New Laws Could Require Checking Worker ID Online
Home builders and other employers who fail to comply with a wave of legislation enacted last year to restrict the hiring of illegal immigrants can face fines, have their business with public entities restricted, lose their license and even go to jail.
In 2006, some 120 new municipal and county ordinances and 84 statutes in 32 states were passed to prevent illegal immigrants from obtaining jobs or receiving benefits and services. Many of these new laws require employers to verify the identity and status of their workers.
The federal government's Basic Pilot Program is often the required method of state and local verification. Some of these laws provide a "safe harbor" for those who are found to have hired an illegal alien, but who was nonetheless "verified" by the Basic Pilot Program.
These new state and local laws are in addition to the federal Immigration Reform and Control Act (IRCA), which has been in effect since 1986. IRCA requires employers to verify the identity and work authorization of new employees by means of documents presented in the Form I-9 verification process. However, verification under federal law does not require employers to use the Basic Pilot Program.
Several lawsuits have been filed recently challenging these new laws, arguing that the federal legislation preempts the right of states and localities to enact their own immigration laws, and that state and local governments cannot legally require participation in a voluntary federal program.
Final rulings on these suits will take years, likely requiring decisions from the nation’s top appellate courts, and in the meantime, employers will have to deal with these new legal requirements. Depending on the jurisdiction and circumstances, this could make using the federal Basic Pilot Program to verify employees mandatory.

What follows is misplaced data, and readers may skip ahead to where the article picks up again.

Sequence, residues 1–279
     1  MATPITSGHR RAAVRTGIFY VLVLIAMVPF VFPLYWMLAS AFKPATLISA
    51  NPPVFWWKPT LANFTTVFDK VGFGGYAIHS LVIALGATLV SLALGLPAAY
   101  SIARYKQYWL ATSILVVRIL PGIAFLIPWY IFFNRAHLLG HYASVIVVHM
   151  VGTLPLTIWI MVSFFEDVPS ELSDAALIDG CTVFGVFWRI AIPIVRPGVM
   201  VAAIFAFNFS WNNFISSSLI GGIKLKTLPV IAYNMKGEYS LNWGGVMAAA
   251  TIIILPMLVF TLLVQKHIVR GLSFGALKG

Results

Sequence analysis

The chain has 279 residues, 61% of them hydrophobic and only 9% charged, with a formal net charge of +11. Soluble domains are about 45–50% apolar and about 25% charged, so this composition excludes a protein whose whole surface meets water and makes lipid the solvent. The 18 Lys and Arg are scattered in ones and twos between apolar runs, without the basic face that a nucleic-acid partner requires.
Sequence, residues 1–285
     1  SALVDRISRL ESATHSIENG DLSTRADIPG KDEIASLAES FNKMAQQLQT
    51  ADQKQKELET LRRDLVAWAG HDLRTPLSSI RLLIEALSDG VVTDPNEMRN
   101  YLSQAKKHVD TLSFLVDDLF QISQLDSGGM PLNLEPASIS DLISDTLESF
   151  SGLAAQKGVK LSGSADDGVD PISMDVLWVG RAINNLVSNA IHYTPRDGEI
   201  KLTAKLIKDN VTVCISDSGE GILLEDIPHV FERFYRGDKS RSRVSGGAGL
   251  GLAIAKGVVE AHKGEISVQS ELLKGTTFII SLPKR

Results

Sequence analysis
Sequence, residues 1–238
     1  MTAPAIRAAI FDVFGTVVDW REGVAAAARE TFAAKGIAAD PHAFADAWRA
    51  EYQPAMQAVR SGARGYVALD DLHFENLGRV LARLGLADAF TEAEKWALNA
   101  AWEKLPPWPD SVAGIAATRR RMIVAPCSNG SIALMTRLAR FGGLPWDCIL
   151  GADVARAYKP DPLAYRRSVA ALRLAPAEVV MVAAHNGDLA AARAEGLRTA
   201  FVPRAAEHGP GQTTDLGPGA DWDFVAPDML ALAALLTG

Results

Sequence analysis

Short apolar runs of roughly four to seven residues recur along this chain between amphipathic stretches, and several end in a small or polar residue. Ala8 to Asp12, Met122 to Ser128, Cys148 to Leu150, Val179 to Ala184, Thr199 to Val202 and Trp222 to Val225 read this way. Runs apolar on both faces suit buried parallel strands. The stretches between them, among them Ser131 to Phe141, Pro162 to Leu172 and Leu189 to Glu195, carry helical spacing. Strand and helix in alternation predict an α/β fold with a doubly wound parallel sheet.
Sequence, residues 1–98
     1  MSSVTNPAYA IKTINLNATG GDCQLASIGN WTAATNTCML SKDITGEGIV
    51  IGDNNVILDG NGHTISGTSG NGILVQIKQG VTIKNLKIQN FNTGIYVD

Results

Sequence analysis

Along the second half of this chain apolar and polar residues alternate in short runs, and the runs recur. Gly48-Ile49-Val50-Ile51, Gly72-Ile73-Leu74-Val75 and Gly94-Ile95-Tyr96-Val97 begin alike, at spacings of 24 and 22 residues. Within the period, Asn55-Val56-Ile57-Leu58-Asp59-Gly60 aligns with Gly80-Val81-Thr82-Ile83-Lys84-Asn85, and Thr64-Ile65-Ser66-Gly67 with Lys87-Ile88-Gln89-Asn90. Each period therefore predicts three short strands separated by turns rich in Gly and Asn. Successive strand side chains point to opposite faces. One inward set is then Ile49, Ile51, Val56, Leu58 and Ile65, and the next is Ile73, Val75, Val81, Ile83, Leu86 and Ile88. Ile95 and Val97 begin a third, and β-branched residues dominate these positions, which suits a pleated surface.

The Basic Pilot Program was initiated in 1997 as an experimental approach to verify identity and employment eligibility on the Internet through the Social Security Administration and other federal databases. The program originally had limited availability, but employers in all 50 states have had access to it since 2004.
To use the program, employers must have their own computer equipped with a Windows operating system and a Web browser, such as Internet Explorer 5.5 or higher, and must first register online at: visdhs.com/employerregistration (click here). After signing a memorandum of understanding with the U.S. Citizenship and Immigration Services and the Social Security Administration, the employer will receive a user ID and temporary password by e-mail. Completion of a Web-based tutorial program is required prior to initial access.
To use the Basic Pilot Program, the employer enters the form I-9 verification data, which is then checked for accuracy against the information in the federal databases. Based on the information submitted, the employer may be notified that the employee is verified or receive notice of a "tentative non-confirmation," which indicates that the submitted information does not match the federal data.
An employer who receives a "tentative non-confirmation" notice is required to inform the employee, but cannot terminate the employee based on this tentative finding. The employee will have the opportunity to correct the misinformation, which could be as simple as a transposed Social Security number. Employees will lose their job if they don’t contest the tentative finding or the employer receives a final non-confirmation notice.
The Basic Pilot Program cannot be used to pre-screen employees before they are hired, and if the program is used, it must be performed for all new hires, not just those who appear to be foreign. Otherwise, the employer could face fines or civil judgments for discrimination.
Several criticisms have been raised about the Basic Pilot Program:
- There is a slow verification response.
- The complexity of data entry leads to submission errors.
- Although the program is free, the computer equipment needed to use it is expensive.
- There is an unacceptably high level of inaccuracies in the federal databases.
- The program is unable to detect identity theft supported by forged documents.
The program has been used by about 12,000 companies that are mostly larger employers and it has not been as attractive for smaller employers who may not have the computer equipment or trained staff they need to use it. Nonetheless, new state or local laws could make the Basic Pilot Program mandatory for all employers within a particular jurisdiction.
For more information, e-mail David Crump at NAHB, or call him at 800-368-5242 x8491.